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Morrison, G.C. (1975). Masochistic Character Development and Infantile Amnesia: A Consideration of the Infantile Roots of Masochism. Psychoanal. Contemp. Sci., 4(1):159-186.

(1975). Psychoanalysis and Contemporary Science, 4(1):159-186

Masochistic Character Development and Infantile Amnesia: A Consideration of the Infantile Roots of Masochism

Gilbert C. Morrison, M.D.

With children it is easy to observe that they are often ‘naughty’ on purpose to provoke punishment, and are quiet and contented after they have been punished. Later analytic investigation can often put us on the track of the guilty feeling which induced them to seek punishment [Freud, 1916, p. 333].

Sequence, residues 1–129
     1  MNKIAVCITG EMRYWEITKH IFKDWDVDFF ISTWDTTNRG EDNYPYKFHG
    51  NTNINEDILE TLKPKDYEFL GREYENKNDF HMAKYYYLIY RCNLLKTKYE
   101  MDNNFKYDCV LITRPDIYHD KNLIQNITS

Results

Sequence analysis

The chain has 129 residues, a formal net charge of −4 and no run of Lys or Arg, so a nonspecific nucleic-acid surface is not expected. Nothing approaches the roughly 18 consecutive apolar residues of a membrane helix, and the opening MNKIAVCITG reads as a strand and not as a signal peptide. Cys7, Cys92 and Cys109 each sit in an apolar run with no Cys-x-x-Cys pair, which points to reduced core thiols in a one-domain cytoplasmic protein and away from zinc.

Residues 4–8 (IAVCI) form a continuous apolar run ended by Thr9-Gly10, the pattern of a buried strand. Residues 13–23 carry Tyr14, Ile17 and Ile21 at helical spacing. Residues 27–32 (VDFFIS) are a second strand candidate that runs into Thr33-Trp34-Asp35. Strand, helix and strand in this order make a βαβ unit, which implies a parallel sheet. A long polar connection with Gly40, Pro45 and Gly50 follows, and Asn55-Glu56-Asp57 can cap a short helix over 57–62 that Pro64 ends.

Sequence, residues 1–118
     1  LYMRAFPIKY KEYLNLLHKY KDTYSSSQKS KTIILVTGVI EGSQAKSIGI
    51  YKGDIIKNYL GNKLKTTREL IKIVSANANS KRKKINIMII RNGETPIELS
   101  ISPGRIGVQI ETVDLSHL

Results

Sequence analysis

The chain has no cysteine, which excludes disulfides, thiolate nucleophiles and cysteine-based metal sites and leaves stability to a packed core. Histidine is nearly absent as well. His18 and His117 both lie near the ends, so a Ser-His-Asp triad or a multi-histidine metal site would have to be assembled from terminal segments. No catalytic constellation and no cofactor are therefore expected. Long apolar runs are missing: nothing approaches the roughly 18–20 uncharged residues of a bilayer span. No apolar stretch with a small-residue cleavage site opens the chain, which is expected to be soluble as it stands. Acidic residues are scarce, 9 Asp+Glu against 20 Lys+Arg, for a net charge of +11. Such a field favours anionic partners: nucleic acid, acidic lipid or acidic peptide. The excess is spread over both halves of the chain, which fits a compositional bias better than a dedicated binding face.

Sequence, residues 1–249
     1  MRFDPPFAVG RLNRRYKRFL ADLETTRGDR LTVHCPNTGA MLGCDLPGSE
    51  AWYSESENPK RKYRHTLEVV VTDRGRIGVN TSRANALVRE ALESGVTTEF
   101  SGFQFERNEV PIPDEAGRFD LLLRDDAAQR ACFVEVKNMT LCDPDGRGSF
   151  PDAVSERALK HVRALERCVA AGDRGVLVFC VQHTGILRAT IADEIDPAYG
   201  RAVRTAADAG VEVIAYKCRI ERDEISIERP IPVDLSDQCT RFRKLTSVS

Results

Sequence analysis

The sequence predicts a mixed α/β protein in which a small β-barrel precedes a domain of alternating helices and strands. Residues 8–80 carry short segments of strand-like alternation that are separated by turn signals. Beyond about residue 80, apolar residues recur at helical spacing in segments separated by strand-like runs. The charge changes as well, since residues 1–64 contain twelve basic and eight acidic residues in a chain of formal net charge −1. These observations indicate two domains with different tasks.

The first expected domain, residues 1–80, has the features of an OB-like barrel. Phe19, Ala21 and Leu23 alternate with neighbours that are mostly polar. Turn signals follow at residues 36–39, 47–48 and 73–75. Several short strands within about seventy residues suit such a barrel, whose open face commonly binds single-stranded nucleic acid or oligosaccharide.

There is an extensive literature concerning the clinical and theoretical concept called masochism, but the topic is just as significant today as when it was first delineated and named 90 years ago (Krafft-Ebing, 1882). The purpose of this paper is fourfold: (a) to follow the development of Sigmund Freud's clinical understanding of and theoretical and metapsychological views on masochism; (b) to review the major trends in the literature on masochism; (c) to relate adult masochistic behavior (patterns, styles, modes, defenses, perversions, etc.) to infantile experiences and distortions veiled by the amnesia of infancy and childhood; and (d) to demonstrate with clinical case histories the lifting of the infantile amnesia that allows a beginning understanding of the childhood anlagen of masochism in its various manifestations.


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